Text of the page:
We are the note-takers, the committee organizers, the volunteer solicitors and the project planners. (I can't see Spungen taking notes, but there's always an exception to the rule.) A Dana does my hair, but a Nancy does my taxes. 

I once had a fortune teller give me a reading and the first thing she said to me was, "But you don't call yourself Nancy." I thought, oh, GREAT, this is promising to be accurate. Then she clarified. "When you are talking to yourself, or when you are signing letters to your close friends, you call yourself Nan." Which is true, and made her prediction that I will someday write a book that will change the course of world events seem much more likely. 

Now, Nan. That's a cute little name, conjuring up images of English milkmaids and stolen kisses in the parlor and girls in white petticoats. It's clearly old fashioned. And it's been out of style just long enough for you new parents to seem daring and trendy. Can't you just picture a little red-faced moppet peeking out from her stroller as her parents talk about "Baby Nan"?

I know Nancy Sinatra left a Mid Century Modern sheen on the name, but even that era is fifty years behind us. So let's push "Nan" back up the ranks, to at least #187 on the charts. It's nothing a capable committee of Nancy's couldn't achieve with their eyes shut and one hand tied behind their backs.


  1. About 15 years ago I met a 10-year-old girl named Nancy at the national spelling bee in D.C. I chatted briefly with her mother and mentioned how unusual it was to meet a young Nancy. "Oh, that's just her nickname," said Mom. "Her grandmother can't pronounce her real name." And what is her real name, I asked with barely muted curiosity. "Annunciata," the mother replied.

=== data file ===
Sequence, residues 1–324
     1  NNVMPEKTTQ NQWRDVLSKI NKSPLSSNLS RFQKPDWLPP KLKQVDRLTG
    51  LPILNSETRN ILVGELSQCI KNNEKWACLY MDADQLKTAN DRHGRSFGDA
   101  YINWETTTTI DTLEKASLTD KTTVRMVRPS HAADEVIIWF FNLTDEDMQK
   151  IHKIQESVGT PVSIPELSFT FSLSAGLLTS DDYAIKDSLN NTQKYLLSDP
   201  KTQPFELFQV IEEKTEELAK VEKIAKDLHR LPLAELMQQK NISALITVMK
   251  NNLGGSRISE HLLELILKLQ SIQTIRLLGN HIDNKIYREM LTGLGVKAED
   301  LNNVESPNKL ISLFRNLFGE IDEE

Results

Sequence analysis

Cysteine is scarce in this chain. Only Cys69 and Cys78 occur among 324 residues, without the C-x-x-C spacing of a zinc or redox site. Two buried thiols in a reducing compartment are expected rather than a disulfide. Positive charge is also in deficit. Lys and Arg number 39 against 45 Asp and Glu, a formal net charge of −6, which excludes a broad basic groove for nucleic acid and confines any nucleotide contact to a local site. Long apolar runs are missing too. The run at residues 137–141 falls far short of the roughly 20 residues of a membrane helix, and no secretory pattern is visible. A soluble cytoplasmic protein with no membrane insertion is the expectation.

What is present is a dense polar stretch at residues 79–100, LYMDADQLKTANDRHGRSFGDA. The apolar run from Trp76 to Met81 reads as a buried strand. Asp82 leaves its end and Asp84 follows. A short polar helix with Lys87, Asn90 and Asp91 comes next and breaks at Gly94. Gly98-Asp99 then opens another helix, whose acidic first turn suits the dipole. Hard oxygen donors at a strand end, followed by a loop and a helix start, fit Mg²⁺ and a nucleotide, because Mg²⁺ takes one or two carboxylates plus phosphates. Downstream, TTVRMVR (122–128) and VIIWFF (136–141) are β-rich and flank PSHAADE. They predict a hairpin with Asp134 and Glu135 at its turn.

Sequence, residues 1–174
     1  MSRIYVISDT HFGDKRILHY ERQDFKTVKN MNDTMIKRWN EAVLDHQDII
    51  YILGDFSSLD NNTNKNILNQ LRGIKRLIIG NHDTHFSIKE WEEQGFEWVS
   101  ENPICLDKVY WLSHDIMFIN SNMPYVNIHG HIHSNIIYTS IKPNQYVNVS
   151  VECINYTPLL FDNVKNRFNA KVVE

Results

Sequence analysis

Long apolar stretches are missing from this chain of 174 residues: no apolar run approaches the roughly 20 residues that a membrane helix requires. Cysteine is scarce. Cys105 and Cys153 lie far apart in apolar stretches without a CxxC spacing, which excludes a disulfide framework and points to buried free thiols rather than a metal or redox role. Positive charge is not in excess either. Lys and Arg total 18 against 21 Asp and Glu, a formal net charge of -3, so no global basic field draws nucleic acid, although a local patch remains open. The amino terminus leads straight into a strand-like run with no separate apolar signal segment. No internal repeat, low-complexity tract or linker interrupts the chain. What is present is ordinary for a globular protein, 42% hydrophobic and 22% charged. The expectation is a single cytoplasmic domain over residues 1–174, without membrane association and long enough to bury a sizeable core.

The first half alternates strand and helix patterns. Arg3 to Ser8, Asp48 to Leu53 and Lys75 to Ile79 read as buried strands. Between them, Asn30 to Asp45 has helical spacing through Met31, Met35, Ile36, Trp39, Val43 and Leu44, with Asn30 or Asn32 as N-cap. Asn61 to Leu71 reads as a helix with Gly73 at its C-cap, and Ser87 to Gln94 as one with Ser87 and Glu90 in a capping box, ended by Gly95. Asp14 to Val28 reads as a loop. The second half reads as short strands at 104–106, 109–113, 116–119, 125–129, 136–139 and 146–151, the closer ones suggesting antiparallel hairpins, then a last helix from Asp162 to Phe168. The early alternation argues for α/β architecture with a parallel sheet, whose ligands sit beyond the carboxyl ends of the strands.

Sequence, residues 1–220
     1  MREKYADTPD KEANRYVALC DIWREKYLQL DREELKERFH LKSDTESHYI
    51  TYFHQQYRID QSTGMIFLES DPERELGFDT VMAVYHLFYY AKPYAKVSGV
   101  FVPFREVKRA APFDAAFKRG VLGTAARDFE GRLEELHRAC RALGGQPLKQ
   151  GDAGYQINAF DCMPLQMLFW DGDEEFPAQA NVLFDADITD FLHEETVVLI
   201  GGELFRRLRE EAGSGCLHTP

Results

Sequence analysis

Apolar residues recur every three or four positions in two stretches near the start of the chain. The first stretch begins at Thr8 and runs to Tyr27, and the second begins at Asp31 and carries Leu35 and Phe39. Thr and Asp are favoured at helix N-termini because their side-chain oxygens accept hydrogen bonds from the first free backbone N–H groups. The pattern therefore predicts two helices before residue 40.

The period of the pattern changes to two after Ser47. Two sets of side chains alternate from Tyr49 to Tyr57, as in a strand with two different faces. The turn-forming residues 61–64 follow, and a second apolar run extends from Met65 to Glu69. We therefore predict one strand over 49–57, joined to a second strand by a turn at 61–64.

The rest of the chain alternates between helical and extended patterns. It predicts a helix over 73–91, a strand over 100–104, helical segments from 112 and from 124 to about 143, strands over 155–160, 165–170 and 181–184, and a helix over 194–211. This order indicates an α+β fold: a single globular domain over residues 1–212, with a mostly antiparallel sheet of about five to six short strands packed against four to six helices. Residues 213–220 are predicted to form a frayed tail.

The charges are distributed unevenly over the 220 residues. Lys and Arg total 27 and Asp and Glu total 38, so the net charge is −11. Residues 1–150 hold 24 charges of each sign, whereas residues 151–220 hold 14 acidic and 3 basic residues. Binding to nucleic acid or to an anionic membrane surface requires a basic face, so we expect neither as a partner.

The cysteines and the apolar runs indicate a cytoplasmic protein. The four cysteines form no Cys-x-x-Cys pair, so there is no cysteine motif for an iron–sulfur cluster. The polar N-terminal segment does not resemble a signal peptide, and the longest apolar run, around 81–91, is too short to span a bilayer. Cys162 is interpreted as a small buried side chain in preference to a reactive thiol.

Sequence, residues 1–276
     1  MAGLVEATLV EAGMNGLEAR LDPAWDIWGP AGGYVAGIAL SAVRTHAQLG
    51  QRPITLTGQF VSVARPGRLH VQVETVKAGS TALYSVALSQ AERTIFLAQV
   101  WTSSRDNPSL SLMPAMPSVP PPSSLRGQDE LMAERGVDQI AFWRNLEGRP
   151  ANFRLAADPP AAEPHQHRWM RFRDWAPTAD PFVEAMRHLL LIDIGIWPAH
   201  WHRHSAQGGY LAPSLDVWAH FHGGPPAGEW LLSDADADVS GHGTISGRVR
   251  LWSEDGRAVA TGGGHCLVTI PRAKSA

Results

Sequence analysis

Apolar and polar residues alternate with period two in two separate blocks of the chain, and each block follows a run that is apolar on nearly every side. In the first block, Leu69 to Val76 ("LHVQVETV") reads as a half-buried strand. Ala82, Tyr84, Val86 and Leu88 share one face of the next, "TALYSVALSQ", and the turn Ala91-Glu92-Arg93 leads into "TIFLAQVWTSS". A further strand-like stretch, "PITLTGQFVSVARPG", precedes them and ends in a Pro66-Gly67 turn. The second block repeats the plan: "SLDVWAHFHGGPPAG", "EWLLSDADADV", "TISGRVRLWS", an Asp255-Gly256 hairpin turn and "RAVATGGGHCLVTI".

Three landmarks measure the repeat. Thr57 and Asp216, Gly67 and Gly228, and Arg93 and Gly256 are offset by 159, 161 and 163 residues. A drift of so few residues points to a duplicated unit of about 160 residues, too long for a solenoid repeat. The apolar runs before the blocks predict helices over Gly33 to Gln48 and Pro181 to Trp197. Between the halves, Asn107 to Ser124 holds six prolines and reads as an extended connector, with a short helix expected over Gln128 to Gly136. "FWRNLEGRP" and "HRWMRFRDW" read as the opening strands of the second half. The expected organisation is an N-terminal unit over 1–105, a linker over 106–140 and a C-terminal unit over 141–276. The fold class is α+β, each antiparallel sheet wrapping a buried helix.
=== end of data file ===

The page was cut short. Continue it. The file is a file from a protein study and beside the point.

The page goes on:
Oh. Well. Then.

    Personally, I never liked being called Nan, a name I associated with that insipid Bobbsey Twin. However, I have a proprietary fondness toward Nancy the cartoon character, especially after I discovered the artist Joe Brainard (1942-1994) and his wonderfully warped Nancy works. Here's an excellent essay about Brainard:

  2. I suppose the nickname "Nun" would have really come back to bite her...and of course her real name wasn't Nancy. Who would name a modern child that? Sigh.

    Pretty sure I need to buy the Nancy book by Brainard. Thanks for the tip, Nancy.

  3. Big Nancy? Oh dear...

    Still, better Nancy than JENNIFER.

  4. Nancy, I hear you. Diane seems to have gone out of style over the past few decades as well. I've been teaching for 25 years and we've never had a Diane go through our school. Sad to say--no Nancy's as far as I know either. I guess that just makes us more original?! :)

  5. Hey - I LOVED Nan Bobbsey. She was always sensible, clear-headed and able to keep Freddie and Flossie in line. Sounds like the Nan I know.

  6. If trends keep on the way they're going, we should have a bunch of Nancys and Wendys toddling around when we're in our 90's.

    A friend of mine just named her baby son "Doug," and I just can't say that with a straight face when talking to an infant.

  7. As a no-"h" Sara with southern ancestors, I was called Sally Ann for years, then took back Sara as I approached the 4-0 and wanted to sound "serious." There are at least 6 Nancys at our church, ranging in age from this Nancy to 80-something - all unique and wonderful!